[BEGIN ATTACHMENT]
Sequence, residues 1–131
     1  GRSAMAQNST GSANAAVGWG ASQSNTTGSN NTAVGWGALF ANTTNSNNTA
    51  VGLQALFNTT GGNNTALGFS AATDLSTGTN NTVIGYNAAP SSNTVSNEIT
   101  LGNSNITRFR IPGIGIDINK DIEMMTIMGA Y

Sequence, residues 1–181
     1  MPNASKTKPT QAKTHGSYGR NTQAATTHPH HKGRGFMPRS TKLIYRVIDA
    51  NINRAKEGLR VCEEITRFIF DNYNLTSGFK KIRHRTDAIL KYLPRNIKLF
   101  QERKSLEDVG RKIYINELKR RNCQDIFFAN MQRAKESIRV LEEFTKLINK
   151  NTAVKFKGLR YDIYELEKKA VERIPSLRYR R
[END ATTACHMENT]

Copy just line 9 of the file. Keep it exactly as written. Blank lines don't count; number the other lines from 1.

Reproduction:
   151  NTAVKFKGLR YDIYELEKKA VERIPSLRYR R